Industrial jungle in eastern North Carolina

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Some of this text is graphic and may be disturbing.

Visit to North Carolina CAFOs (Concentrated Animal Feeding Operations)

Last Thursday, we visited Duplin County, NC to learn about Industrial Farm Animal Production (IFAP) (thanks to volunteer pilots Bob Epting, lawyer and former member of the NC Environmental Management Commission, and Dennis Howard). The group also included Steve Wing (associate professor, Epidemiology), Jim Merchant, (former dean College of Iowa School of Public Health and environmental scientist) Brenda Motsinger, director of special projects, SPH. We also were joined by Rick Dove, lawyer and Riverkeeper (Neuseriver.org) through the Waterkeeper Alliance (WKA). I came away sad, angry and shocked by what we saw and motivated to act.

The Pew Commission on Industrial Farm Animal Production said:

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“Over the last 50 years, the method of producing food animals in the United States has changed from the extensive system of small and medium-sized farms owned by a single family to a system of large, intensive operations where the animals are housed in large numbers in enclosed structures that resemble industrial buildings more than they do a traditional barn. That change has happened primarily out of view of consumers but has come at a cost to the environment and a negative impact on public health, rural communities, and the health and well-being of the animals themselves.”

Flying over Duplin County

We flew over Duplin County. As far as the eye could see, there were hog lagoons and low slung buildings that house thousands of hogs and chickens. From the air, we could see how hog waste is sprayed onto fields, how the effluent runs into ditches that run into creeks that lead to rivers, including the Neuse, and pollutes all it touches. We saw how close the spray would come to neighboring houses and could imagine how the wind would blow that disgusting liquid onto yards and even into houses. It felt like we had traveled back in time to the 19th or early 20th century, before modern means of waste disposal were used. Think of CAFOs as factories, like what Upton Sinclair wrote about in The Jungle. These aren’t the bucolic farms of yesterday. Animals are raised strictly as products, crammed together in inhumane conditions, raised only to be slaughtered. There’s nothing noble about CAFOs. The Farm-Aid website has some fabulous aerial photos of Duplin County CAFOs and hog lagoons.

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Ten million hogs in North Carolina are raised “industrial style.” Most all of these hogs are located in the environmentally sensitive area of North Carolina’s Coastal Plain (area East of I-95).  Each and every day, those 10 million hogs produce “fecal waste” equivalent to what is produced by all the citizens in the following states combined: North Carolina, California, New York, Pennsylvania, Texas, New Hampshire and North Dakota (100 million people). This ten to one ratio is verified by the research of Dr. Mark Sobsey (UNC, Chapel Hill). (From the Neuseriver.org website)

After we landed, we were met by Devon Hall, co-founder of REACH (Rural Empowerment Association for Community Help), a community support organization in Warsaw, North Carolina. Devon drove us around the county, pointing out the proximity of CAFOs to homes, showing us polluted wetlands, taking us to the home of a woman who lives across from a CAFO and whose well is now contaminated. We stopped along the way to take pictures of the contents of a “dead box.” A dead box is one of many dumping grounds for carcasses of dead animals. Earlier that day, I’d never even heard of a dead box, and now it is forever etched into my memory.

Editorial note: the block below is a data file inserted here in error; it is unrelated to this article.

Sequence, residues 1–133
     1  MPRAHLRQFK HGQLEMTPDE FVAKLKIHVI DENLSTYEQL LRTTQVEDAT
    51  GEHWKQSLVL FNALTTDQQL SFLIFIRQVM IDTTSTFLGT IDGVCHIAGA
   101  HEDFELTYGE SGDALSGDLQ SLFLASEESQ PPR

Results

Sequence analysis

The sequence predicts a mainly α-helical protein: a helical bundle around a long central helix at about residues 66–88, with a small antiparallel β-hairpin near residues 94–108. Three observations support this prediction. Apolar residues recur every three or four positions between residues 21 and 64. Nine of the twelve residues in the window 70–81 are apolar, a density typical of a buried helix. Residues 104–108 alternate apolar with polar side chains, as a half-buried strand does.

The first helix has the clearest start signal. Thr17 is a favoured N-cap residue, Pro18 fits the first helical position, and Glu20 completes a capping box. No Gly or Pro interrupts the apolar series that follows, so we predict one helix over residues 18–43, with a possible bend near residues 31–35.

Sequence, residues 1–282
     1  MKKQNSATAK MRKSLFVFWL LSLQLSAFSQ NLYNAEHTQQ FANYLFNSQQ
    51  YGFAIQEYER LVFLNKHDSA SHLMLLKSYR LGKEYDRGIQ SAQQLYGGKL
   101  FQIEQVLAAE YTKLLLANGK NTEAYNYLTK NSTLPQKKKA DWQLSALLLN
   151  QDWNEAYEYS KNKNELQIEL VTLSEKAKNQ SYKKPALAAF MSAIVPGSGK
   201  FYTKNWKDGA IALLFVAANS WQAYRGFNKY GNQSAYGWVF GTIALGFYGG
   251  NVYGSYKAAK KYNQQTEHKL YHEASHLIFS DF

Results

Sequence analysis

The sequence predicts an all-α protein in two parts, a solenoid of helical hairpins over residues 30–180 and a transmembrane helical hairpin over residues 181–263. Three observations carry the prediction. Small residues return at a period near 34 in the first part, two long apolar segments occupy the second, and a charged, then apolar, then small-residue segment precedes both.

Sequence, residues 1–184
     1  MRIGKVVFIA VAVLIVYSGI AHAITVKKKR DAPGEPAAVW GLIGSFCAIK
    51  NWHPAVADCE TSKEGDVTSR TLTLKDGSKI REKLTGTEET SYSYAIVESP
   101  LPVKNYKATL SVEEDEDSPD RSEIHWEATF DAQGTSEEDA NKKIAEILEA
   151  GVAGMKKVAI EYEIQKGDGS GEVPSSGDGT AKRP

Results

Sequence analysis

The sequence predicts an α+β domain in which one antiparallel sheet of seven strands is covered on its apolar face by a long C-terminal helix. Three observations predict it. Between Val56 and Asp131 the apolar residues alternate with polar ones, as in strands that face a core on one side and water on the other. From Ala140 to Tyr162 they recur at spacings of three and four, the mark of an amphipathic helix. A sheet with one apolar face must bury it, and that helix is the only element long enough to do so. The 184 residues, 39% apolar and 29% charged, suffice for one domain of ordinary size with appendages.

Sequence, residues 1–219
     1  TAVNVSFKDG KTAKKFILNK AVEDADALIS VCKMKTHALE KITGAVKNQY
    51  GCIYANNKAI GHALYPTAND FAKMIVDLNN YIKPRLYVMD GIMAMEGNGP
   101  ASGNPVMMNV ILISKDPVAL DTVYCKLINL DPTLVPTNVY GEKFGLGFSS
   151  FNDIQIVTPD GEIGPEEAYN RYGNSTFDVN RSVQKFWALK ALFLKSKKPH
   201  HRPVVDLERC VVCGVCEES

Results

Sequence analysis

Meeting with community members

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We were hosted by Devon Hall and community members to a generous lunch of fresh country foods (The banana pudding looked fabulous.) and watched a presentation by Riverkeepers Rick Dove and Larry Baldwin. Then, we heard from community members, all of them Black. They told us how they’d been harmed by the hog and poultry industries–how they’d lost their homes, farms, jobs and/or health, how their dogs who drank the contaminated run-off water from CAFOs had died, how they’d been intimidated but still had not given up or given in. They talked of not being able to go outside, because of the smell and not being able to hang clothes to dry on the line outside, because when the spray came on, the effluent would contaminate their sheets. They did not speak of themselves as heroes. They are heroes.

Anti-CAFO, not anti-farm

No one with whom I spoke is against farms (some of them are or had been farmers) or against eating meat. (In fact, I appeared to be the only vegetarian in the midst.) They objected to CAFOs, because they depend on inhumane treatment of animals and threaten the environment, the public’s health and the integrity of rural communities.  Industrial farming even exploits farmers who used to own the land and everything on it but leveraged their futures to multi-national corporations that have made them indentured servants in many cases.

I am very concerned about CAFOs. Animal waste carries pathogens. Hogs produce a lot of waste. Because animals are raised in extremely tight quarters in ways that compromise their health and development, pathogens spread faster. (Hogs may be implicated in the current H1N1 epidemic, but the data are not yet complete.) Animal waste is sprayed on fields as fertilizer and contaminates air, fields, water and whatever is in its path. People living in communities around these operations are sickened by their exposures. Their children get more asthma. This is a public health problem. It is also a social justice problem, because CAFOs are most often located in communities that are poor, cannot complain and often can’t leave. One of the men who spoke offered this caution with regard to ill health, environmental degradation and other consequences of CAFOs: “It may be in my neighborhood today, but it might be in yours tomorrow.”